The Academy of World Religions at the University of Hamburg (Germany) is directed by Wolfram Weisse and Katajun Amirpur (respectively, a Protestant and a Muslim scholar). The Academy intends to foster dialogue between the world religions. It was founded a few years ago, but earlier this year it received a large grant from the German government, allowing it to greatly expand its activities. There is no great mystery as to why the German government should be interested in interreligious interaction. The focus, naturally, has been on Islam. The Academy has been involved in the training of imams in Europe. But it has also staged events dealing with Judaism, Hinduism, and Buddhism. Domestically, the integration of Muslims (several millions of them) in German society has been a great concern, especially in term of school policies. In foreign affairs, Germany, along with other Western democracies, has been drawn into the confrontation with radical Islamism. The Academy has developed an international network of very competent experts who are involved in a range of activities: dialogue between representatives of different religious traditions on substantive issues of faith and values; development of ways of teaching about religion in schools with ethnically and religiously mixed student populations; and social-scientific research about interfaith relations in urban centers in Germany, Britain, and Scandinavia. There is a stimulating mix of theoretical and practical concerns. Like John Wesley, Professor Weisse might say that the world is his parish.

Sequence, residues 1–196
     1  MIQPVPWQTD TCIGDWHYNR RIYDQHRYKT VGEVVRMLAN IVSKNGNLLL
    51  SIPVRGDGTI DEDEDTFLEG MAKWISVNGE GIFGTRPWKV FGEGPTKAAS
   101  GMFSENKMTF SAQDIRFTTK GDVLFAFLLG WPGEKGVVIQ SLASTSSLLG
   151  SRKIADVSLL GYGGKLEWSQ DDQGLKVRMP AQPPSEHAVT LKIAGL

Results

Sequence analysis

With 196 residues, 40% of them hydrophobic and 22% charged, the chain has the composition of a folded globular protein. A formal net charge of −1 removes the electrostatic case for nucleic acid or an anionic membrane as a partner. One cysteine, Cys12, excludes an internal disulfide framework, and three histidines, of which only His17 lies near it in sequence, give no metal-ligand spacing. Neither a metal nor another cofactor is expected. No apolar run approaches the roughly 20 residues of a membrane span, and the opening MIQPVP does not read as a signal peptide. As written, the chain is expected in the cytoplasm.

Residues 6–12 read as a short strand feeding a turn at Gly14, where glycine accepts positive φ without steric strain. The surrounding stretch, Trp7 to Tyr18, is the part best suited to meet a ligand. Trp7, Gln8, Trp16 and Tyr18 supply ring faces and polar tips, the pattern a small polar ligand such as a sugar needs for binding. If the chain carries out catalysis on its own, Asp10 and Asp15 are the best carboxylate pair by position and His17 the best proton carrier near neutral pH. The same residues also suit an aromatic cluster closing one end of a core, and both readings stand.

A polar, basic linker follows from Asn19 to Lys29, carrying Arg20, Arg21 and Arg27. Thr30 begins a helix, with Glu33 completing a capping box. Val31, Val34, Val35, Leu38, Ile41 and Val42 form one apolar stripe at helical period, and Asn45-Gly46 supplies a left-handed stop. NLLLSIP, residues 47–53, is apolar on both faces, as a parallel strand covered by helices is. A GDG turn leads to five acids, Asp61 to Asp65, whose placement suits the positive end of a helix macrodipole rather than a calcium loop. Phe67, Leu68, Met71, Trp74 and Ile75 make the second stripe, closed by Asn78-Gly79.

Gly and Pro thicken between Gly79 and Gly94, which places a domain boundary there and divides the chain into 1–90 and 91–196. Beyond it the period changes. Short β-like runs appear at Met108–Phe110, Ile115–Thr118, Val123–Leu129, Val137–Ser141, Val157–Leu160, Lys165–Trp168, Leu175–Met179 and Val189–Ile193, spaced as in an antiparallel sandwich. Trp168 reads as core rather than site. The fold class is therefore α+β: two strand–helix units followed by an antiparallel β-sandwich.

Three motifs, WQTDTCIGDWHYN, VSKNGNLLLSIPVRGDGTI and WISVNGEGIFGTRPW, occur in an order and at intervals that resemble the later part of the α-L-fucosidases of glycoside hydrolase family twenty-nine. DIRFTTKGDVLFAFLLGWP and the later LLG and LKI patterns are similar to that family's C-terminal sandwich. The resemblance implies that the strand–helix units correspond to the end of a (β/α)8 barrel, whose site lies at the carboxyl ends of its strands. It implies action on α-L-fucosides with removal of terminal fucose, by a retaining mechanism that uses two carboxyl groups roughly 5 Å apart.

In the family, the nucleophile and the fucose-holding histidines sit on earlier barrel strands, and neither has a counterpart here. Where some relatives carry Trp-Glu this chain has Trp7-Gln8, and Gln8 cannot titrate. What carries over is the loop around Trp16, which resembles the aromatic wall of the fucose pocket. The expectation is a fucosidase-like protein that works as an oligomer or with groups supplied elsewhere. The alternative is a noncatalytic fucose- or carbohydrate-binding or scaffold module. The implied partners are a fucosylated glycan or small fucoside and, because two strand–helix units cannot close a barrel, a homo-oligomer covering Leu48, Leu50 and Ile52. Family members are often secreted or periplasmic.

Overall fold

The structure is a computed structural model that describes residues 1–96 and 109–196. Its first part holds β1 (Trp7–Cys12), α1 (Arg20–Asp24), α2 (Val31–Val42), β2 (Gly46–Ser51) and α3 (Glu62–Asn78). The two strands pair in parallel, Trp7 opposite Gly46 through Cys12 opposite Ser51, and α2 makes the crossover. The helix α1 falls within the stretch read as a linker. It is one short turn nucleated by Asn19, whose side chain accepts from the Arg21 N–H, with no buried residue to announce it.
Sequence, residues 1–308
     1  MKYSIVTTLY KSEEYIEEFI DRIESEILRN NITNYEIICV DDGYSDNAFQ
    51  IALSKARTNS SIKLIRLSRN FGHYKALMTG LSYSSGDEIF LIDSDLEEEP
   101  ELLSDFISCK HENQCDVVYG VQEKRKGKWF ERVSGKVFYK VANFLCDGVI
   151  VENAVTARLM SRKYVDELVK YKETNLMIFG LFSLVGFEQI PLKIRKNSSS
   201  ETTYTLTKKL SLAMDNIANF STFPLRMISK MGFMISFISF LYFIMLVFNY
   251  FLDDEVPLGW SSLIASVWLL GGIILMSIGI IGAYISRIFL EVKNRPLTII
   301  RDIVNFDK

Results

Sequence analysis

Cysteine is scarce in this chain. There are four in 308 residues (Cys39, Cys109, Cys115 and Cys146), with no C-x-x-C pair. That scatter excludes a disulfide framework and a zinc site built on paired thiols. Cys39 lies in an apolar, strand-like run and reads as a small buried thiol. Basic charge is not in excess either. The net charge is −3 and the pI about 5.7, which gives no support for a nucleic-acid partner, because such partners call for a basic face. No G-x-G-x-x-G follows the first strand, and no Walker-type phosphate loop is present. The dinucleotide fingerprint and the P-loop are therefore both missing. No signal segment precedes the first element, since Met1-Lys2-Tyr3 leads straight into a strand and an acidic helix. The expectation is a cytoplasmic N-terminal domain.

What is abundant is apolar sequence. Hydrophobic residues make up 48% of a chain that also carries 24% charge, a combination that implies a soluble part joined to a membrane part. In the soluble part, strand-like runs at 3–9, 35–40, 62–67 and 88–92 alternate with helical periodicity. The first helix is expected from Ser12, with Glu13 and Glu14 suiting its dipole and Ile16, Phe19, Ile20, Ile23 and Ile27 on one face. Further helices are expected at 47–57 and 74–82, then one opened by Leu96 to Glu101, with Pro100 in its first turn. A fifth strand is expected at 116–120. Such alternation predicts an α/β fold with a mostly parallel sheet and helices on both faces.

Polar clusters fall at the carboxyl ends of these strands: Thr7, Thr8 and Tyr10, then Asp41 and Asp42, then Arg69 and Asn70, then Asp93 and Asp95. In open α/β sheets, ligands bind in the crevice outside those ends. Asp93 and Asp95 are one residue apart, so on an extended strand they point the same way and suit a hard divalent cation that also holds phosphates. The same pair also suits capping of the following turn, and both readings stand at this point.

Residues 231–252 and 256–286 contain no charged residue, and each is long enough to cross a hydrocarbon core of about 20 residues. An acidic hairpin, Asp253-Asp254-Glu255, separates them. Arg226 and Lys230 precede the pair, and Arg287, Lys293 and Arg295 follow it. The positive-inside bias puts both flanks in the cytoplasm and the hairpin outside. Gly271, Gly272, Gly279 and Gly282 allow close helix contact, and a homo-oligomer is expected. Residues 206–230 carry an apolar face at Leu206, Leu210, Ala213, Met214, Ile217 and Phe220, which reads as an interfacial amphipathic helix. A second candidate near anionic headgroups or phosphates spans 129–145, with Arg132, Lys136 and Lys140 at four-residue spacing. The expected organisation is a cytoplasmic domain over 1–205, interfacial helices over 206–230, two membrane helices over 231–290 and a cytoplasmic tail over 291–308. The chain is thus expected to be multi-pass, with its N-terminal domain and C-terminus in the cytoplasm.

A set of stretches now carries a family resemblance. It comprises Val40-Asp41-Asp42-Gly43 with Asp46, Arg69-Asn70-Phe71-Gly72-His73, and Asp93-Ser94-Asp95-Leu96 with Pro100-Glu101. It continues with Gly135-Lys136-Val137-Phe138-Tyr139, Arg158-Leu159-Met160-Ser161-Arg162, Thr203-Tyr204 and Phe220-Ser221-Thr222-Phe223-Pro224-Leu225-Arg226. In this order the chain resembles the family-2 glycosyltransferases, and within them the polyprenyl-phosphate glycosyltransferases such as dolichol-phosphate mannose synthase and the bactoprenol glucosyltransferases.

Interreligious dialogue has been around for a very long time—as an effort to come to terms intellectually with religious traditions other than one’s own. Of course one should not use the term “dialogue” to describe a situation in which one party is coerced under duress to participate in a conversation whose outcome has already been fixed by the stronger party—as was sometimes staged by the Inquisition to humiliate and supposedly “defeat” representatives of Judaism. Dialogue occurs between parties who participate voluntarily and treat each other with respect. A great example from the early history of Buddhism is the work called The Questions of King Milinda, an account of a conversation between a Buddhist teacher and a Hellenistic king who was part of the heritage left in Central Asia by the conquests of Alexander the Great. (The Greek name of the king was probably Menander.) Similar dialogues were initiated by enlightened and genuinely interested rulers: Between Muslims, Christians, and Jews during the (intermittently) tolerant “conviviencia” periods of the Caliphate of Cordoba—with the same mix of parties at the Hohenstaufen court in Sicily—and between Muslims, Hindus, and Christians at the court of the Mughal Emperor Akbar.